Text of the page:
WASHINGTON — Internet giants Yahoo, Microsoft, Google and Cisco were accused yesterday at congressional hearings of greedily collaborating with China's efforts to control Internet access and to track down dissidents.
"Your abhorrent actions in China are a disgrace," said Tom Lantos, a Democrat from California. As senior executives from the four Internet companies visibly squirmed, Mr. Lantos -- the only Holocaust survivor in the House of Representatives -- reminded them that International Business Machines had helped count Jews for the Nazis.
Yahoo, in particular has been singled out for co-operating with Chinese police, handing over information that led to the identification and imprisonment of at least two dissidents. Michael Callahan, general counsel for the company, said, "We were legally obligated to comply." Yahoo provided electronic records to Chinese authorities that led to an eight-year prison sentence for writer Li Zhi in 2003.
Yahoo was also accused of helping Chinese authorities finger Shi Tao, who was accused of leaking state secrets and was sentenced to 10 years in prison. Mr. Callahan said Yahoo didn't realize people would go to jail. But like top executives from the other companies, Mr. Callahan insisted that staying engaged in China is better for human rights than pulling out.
The companies' representatives said shunning China over its human-rights record would be even worse. "It's better for Microsoft and other Internet companies to be engaged," said Jack Krumholtz, that company's general counsel. "The benefits outweigh the downside."
Most committee members seemed unconvinced, as did other witnesses who testified yesterday. In his prepared testimony, Xiao Qiang, director of the China Internet Project at Berkeley, said: "It has become painfully clear to the American public in recent months that some of this country's leading information technology companies, including Google, Yahoo, Microsoft and Cisco, who are here today, have, to differing degrees, aided or complied with China's Internet-censorship policies, in order to gain a presence in the lucrative China market." China's cyberpoliceapparently monitor the Internet in near-real time.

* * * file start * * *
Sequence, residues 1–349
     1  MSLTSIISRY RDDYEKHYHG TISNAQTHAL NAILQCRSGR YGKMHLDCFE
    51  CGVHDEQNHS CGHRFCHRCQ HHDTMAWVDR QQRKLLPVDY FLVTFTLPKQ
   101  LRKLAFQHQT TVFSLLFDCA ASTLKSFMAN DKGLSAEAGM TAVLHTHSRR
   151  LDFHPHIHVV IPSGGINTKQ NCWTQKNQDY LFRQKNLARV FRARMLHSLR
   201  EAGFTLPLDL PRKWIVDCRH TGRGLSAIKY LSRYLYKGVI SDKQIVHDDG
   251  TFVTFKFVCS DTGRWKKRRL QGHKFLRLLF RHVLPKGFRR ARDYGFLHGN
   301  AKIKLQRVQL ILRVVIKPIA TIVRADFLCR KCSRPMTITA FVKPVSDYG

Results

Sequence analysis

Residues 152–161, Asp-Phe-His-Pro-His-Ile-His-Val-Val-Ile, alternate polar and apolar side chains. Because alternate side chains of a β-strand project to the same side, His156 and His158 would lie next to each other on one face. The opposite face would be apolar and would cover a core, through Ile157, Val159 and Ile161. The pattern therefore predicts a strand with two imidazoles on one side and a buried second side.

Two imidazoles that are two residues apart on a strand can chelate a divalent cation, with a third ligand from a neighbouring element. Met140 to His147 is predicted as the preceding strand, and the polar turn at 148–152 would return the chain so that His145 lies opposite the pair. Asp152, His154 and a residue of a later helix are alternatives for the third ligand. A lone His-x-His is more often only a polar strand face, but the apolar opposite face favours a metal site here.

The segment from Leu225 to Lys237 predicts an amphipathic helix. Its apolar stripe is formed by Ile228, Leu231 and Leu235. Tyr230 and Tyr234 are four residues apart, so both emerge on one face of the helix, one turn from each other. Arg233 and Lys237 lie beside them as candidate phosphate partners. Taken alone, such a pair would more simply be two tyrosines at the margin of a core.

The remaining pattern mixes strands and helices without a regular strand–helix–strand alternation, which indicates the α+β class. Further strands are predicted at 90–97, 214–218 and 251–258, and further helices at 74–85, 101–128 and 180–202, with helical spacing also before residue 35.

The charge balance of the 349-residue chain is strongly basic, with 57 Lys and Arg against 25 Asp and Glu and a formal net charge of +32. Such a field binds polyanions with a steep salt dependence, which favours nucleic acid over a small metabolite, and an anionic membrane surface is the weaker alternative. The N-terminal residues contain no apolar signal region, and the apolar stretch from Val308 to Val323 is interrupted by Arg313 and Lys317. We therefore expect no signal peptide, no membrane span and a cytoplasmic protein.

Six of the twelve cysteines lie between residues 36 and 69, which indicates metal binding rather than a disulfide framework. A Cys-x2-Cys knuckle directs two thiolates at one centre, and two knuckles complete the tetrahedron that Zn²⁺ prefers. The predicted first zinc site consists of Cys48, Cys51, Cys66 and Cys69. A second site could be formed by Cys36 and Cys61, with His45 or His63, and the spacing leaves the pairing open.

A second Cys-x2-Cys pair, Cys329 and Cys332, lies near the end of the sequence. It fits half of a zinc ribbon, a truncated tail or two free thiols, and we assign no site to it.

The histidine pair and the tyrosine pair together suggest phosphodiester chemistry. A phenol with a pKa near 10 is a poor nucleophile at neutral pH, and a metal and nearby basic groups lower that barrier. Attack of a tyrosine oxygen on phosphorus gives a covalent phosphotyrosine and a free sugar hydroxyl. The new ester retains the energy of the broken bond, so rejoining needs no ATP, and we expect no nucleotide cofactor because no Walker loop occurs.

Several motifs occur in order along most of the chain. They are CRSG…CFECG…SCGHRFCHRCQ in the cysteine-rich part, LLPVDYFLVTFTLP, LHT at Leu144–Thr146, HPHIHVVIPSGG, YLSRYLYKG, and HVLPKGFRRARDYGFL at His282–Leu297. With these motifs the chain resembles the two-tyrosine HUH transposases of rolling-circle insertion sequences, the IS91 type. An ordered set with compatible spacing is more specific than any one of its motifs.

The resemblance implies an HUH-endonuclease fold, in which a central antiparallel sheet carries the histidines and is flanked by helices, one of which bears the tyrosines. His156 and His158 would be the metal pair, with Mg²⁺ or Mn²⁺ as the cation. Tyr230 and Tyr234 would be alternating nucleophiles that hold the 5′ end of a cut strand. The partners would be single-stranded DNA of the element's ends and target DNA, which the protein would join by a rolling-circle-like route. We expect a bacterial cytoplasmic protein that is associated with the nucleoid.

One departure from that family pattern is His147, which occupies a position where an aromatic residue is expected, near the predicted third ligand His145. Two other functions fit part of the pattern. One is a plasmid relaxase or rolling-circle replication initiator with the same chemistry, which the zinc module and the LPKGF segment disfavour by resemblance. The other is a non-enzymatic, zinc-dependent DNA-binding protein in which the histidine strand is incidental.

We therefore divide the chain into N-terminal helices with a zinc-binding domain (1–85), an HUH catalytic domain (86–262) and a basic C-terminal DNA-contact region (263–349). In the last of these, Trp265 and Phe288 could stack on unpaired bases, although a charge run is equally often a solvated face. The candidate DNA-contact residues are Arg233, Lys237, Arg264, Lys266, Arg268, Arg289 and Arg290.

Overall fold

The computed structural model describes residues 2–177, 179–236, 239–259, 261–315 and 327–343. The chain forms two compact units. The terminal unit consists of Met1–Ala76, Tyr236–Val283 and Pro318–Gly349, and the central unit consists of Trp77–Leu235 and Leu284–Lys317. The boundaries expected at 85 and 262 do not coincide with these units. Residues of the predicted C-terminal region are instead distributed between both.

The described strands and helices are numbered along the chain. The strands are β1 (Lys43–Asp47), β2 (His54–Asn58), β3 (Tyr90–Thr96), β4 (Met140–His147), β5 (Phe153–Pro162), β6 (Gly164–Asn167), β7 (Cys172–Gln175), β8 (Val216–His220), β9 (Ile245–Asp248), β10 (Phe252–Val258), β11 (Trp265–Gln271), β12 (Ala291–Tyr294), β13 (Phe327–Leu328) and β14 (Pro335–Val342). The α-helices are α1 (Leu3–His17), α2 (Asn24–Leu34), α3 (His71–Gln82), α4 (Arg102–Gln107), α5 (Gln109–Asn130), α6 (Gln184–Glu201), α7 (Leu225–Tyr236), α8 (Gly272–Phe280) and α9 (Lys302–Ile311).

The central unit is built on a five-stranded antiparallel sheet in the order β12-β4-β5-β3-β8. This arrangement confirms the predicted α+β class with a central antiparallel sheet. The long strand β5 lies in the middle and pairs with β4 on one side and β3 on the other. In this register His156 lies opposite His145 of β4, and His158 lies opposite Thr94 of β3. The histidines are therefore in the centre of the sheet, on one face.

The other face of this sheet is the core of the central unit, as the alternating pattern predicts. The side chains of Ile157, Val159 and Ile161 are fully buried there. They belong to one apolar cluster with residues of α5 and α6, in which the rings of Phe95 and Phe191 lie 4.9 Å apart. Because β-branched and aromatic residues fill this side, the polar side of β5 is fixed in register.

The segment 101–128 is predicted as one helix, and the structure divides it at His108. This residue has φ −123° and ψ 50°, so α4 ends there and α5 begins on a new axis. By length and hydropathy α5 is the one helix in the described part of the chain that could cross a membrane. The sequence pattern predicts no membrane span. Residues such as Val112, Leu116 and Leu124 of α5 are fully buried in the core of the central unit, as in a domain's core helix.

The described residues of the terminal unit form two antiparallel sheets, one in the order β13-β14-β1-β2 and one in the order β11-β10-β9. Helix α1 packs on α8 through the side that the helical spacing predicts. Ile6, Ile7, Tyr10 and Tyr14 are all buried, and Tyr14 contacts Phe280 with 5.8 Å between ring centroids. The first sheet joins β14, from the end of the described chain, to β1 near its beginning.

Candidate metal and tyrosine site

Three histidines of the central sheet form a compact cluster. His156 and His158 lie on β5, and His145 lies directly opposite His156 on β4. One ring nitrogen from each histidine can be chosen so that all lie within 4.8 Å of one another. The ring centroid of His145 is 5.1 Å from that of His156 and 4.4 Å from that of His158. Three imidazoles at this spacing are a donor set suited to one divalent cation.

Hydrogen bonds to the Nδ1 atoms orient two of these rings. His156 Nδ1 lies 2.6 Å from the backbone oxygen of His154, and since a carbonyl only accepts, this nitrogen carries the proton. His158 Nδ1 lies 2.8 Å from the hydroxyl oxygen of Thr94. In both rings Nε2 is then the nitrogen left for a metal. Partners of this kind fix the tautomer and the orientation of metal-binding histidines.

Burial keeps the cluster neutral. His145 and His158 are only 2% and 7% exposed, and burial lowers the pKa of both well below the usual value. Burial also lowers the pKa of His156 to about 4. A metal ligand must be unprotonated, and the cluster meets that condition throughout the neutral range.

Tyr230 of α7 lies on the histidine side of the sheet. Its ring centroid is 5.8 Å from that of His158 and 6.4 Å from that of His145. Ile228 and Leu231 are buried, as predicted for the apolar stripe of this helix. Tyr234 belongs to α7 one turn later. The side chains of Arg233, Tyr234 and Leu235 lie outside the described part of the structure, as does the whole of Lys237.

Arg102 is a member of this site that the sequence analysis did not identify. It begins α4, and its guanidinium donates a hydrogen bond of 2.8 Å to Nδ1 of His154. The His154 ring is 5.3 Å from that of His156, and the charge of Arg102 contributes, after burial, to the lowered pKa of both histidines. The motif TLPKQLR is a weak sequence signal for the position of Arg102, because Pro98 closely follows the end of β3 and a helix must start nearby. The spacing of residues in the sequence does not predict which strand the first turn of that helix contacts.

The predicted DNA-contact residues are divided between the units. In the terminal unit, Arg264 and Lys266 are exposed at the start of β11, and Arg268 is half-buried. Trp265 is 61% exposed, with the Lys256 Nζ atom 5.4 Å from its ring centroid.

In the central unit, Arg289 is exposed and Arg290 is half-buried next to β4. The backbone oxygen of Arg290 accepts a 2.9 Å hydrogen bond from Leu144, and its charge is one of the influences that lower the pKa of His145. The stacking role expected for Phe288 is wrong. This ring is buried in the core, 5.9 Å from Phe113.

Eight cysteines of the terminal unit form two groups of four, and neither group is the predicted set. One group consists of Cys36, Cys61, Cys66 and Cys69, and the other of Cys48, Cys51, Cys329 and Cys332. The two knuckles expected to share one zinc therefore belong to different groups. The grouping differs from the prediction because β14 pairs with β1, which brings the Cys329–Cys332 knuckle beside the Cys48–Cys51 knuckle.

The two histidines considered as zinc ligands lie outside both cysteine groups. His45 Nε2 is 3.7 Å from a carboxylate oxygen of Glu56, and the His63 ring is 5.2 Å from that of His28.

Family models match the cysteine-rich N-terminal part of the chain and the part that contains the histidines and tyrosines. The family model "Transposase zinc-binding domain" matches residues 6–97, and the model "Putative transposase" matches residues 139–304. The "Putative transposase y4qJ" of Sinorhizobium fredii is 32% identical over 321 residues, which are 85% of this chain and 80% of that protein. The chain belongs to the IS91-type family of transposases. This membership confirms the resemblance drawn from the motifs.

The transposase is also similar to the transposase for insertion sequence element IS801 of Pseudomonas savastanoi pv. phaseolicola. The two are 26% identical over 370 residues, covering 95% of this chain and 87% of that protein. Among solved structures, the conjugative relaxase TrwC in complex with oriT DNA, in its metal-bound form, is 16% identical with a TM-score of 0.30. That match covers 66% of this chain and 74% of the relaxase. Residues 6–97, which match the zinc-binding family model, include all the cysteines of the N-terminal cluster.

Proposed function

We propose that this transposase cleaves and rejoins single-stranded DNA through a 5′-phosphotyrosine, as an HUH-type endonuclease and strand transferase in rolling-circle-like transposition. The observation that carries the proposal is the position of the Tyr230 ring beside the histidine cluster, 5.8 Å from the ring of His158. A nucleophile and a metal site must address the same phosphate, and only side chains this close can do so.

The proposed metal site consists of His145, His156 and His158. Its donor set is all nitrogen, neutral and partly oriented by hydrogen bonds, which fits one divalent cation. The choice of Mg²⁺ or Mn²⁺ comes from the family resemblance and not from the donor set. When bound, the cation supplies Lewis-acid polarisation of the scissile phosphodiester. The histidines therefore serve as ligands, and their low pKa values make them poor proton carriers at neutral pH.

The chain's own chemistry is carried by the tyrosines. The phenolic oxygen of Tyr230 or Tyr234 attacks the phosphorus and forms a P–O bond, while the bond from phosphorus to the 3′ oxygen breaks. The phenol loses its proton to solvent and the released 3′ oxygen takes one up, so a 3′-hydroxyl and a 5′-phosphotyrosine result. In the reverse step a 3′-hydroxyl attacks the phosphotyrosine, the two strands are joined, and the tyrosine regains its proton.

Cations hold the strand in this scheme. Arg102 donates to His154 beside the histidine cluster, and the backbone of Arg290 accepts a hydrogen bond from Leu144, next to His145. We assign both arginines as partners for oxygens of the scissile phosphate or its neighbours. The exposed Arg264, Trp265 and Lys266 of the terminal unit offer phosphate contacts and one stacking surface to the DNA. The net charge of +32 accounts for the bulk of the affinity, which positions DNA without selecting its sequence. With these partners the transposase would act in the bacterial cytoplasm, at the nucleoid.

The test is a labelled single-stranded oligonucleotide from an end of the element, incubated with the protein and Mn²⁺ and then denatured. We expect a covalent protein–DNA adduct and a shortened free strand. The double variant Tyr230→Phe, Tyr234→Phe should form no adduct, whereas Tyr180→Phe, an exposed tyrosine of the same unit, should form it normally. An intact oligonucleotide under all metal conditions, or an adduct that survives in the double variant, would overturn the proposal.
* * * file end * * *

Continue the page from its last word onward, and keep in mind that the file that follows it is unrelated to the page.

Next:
"A friend of mine recently tried to access some politically sensitive websites while at an Internet café in a remote, small city in Xinjiang province," said Harry Wu, a former political prisoner. "The police quickly showed up to arrest him. I don't know who supplied the technology enabling the police to track my friend's Internet surfing, but I am pretty sure that U.S. technology was involved."
Shame, and a pox on all their houses. I am all for free trade among free men and women, but “free” is the operative word. I am always suspicious of the soft diplomacy stance whereby the justification for trading with brutal regimes that routinely violate human rights is that we will somehow influence the regimes to mend their ways and they so rarely do. If anything, all to often it allows regimes access to new tools to cause harm. Cuba hasn’t become a human rights haven and they are still jailing musicians, gays, internet users and librarians, despite almost decades long periods of uninterrupted trade with Canada. Iran has been shopping and buying Canadian since 1990 but I have yet to see the kinder, gentler face or side of Iran emerge. Just exactly how long does it take?